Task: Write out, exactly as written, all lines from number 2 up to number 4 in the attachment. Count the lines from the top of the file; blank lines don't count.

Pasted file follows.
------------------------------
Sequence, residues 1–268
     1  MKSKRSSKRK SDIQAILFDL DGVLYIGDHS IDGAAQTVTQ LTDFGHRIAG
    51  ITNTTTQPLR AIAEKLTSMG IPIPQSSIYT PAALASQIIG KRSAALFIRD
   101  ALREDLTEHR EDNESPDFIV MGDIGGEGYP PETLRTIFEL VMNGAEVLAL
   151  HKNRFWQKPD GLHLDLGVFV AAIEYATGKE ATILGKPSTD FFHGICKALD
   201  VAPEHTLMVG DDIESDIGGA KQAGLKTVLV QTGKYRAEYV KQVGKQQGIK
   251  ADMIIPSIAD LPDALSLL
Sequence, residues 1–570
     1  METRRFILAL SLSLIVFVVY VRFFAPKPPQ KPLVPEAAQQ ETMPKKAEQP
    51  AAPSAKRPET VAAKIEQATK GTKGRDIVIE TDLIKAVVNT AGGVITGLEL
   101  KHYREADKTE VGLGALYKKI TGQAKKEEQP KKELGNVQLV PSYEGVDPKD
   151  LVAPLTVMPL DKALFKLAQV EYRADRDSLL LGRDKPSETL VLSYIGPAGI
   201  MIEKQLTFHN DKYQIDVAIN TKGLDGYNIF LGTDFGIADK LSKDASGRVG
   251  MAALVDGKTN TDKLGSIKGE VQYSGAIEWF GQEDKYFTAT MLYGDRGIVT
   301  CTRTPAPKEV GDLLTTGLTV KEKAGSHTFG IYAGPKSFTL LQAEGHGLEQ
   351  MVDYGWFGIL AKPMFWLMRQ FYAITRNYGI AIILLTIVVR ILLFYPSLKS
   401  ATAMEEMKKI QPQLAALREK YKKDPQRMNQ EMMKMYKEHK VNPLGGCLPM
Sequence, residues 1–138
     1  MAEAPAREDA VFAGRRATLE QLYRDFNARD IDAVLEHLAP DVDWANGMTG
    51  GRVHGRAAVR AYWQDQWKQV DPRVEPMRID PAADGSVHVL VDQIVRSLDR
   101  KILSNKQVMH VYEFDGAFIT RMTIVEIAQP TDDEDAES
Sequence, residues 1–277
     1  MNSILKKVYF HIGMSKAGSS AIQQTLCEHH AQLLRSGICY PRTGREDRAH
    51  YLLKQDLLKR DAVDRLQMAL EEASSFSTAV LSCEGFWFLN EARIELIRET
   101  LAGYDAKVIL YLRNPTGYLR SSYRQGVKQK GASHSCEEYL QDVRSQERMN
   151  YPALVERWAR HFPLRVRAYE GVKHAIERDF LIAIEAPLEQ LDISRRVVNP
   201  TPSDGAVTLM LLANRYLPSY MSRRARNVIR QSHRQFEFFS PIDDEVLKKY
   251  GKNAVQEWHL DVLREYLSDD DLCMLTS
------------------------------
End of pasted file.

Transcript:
     1  MKSKRSSKRK SDIQAILFDL DGVLYIGDHS IDGAAQTVTQ LTDFGHRIAG
    51  ITNTTTQPLR AIAEKLTSMG IPIPQSSIYT PAALASQIIG KRSAALFIRD
   101  ALREDLTEHR EDNESPDFIV MGDIGGEGYP PETLRTIFEL VMNGAEVLAL